The Magistrate's Blog (2005-2012)

This blog has migrated to www.magistratesblog.blogspot.co.uk This blog is anonymous, and Bystander's views are his and his alone. Where his views differ from the letter of the law, he will enforce the letter of the law because that is what he has sworn to do. If you think that you can identify a particular case from one of the posts you are wrong. Enough facts are changed to preserve the truth of the tale but to disguise its exact source.

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Location: Near London, United Kingdom

The blog is written by a retired JP, with over 30 years' experience on the Bench.

Saturday, December 31, 2005

Happy New Year

As this will be my final post for 2005, and will almost take me up to the blog's anniversary, I should have liked to look forward to the legal year ahead. The Serious Crime and Police Act 2005 comes into force tomorrow, and I had intended to talk about the changes that will follow down at the grubby end of the criminal justice system. Unfortunately I know nothing at all about it other that what I have gleaned from the Interweb, as I have had no training, nor even a memo, about these far-reaching changes. I suspect that my legal advisers, under pressure as they are, are no wiser than I.

As a layman I am cautious about venturing into serious law, but I did look up the Act here. It looks as if the power of arrest has been widened to cover pretty much any offence that a police officer thinks appropriate. How this will impact street-level manpower remains to be seen, bearing in mind that an arrest can take an officer out of circulation for many hours. The power granted to police by the issue of a Search Warrant has also changed radically, if I read aright. A warrant no longer needs to relate to a particular address, but can be broadened to anywhere that the suspect may have been connected with. The Laura Norder fan club who think that the unpleasantness of a police raid will never happen to them need to have a good think about this one. Let us imagine that a fraud is suspected at a business. The senior managers might all find their houses being turned upside down at 6 a.m., and their computers seized, in the search for information, even though there is no suspicion or evidence to implicate them.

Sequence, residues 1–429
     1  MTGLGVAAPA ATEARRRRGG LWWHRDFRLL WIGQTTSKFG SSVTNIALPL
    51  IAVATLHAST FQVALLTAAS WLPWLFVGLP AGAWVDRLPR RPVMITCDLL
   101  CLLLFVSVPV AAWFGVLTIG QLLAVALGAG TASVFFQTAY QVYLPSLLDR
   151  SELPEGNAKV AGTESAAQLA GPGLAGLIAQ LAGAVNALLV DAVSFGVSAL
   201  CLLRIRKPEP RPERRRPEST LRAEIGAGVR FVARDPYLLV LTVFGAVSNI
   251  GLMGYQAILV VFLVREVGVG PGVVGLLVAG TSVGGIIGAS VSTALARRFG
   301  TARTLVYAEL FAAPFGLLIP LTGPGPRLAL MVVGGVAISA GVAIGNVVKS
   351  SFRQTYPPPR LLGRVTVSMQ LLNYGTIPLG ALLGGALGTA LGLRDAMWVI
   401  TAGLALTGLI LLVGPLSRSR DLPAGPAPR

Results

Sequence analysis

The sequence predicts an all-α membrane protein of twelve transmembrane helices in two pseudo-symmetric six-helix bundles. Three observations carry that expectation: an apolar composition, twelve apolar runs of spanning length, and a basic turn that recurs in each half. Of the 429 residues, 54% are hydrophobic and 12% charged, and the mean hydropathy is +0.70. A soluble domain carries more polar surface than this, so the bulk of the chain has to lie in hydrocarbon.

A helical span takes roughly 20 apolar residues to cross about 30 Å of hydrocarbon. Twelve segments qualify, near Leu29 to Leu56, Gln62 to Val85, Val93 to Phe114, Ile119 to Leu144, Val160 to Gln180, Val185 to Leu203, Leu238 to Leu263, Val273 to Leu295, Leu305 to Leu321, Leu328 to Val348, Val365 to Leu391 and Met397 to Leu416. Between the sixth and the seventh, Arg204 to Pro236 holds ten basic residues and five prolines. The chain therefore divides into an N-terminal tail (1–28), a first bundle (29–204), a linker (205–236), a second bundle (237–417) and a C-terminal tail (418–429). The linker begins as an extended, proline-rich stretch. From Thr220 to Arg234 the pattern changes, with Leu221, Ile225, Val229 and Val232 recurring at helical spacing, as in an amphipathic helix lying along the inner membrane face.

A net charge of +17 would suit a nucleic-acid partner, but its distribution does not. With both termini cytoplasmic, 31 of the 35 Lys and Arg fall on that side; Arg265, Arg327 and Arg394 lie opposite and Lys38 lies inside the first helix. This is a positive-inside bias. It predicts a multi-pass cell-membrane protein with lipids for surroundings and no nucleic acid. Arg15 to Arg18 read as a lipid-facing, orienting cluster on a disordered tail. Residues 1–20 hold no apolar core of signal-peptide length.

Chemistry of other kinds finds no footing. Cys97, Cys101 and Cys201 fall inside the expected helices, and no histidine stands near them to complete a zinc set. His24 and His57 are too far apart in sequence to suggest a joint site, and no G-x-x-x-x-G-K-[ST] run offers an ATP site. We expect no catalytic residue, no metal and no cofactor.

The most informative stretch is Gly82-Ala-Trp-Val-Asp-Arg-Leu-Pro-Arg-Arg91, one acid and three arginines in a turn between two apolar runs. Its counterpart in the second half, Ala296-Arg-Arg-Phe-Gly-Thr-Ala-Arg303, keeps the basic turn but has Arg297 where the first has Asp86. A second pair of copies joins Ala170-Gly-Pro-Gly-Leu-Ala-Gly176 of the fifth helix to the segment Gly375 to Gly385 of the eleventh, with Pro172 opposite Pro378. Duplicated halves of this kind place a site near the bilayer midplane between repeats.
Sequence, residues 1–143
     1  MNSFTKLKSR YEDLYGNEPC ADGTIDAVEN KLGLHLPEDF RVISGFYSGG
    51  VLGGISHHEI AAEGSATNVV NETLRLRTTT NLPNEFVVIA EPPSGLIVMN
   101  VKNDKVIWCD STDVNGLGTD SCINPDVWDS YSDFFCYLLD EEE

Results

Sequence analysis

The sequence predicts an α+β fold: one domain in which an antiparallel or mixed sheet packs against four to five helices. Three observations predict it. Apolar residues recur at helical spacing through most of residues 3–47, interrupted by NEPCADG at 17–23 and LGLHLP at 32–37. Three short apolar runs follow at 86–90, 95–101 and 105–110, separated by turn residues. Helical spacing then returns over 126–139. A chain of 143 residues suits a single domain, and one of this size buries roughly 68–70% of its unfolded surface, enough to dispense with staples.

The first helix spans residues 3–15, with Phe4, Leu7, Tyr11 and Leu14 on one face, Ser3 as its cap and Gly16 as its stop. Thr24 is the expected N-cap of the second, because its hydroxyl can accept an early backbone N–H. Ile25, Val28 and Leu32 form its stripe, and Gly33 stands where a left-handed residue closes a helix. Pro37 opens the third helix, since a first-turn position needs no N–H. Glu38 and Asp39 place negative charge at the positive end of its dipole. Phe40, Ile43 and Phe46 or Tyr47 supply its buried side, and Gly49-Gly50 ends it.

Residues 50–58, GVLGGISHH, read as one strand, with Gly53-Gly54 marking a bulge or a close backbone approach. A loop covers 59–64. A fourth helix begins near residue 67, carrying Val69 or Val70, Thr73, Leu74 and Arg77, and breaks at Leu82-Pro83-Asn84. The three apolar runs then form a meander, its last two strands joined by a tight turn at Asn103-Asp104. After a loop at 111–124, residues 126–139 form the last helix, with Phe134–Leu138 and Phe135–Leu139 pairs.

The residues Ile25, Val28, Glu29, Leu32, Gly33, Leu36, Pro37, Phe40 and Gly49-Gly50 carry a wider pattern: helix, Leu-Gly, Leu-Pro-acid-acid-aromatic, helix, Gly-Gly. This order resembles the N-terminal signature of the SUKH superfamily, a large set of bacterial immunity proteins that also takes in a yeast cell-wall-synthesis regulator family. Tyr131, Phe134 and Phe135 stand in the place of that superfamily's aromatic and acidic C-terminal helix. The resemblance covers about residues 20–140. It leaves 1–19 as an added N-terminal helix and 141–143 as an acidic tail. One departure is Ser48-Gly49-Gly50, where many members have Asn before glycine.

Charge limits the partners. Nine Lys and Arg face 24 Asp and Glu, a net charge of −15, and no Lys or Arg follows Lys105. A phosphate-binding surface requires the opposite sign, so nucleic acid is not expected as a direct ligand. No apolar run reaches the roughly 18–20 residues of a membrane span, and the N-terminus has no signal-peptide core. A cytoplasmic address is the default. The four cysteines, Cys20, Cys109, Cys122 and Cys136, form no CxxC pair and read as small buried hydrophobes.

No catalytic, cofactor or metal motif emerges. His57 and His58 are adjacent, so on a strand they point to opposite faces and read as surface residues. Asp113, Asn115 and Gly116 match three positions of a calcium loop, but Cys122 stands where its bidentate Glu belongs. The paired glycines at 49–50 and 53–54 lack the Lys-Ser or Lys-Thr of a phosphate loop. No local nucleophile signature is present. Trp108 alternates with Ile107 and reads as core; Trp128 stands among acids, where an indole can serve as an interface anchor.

It also looks (and I stress that I am just a layman so I stand to be corrected) as if powers of a constable are to be given to some administrators, and that even custody officers who authorize detention in police stations, need not necessarily be trained policemen.

It’s going to be yet another year in which the judges will have to intervene to protect the Englishman’s historical freedoms.

Happy New Year.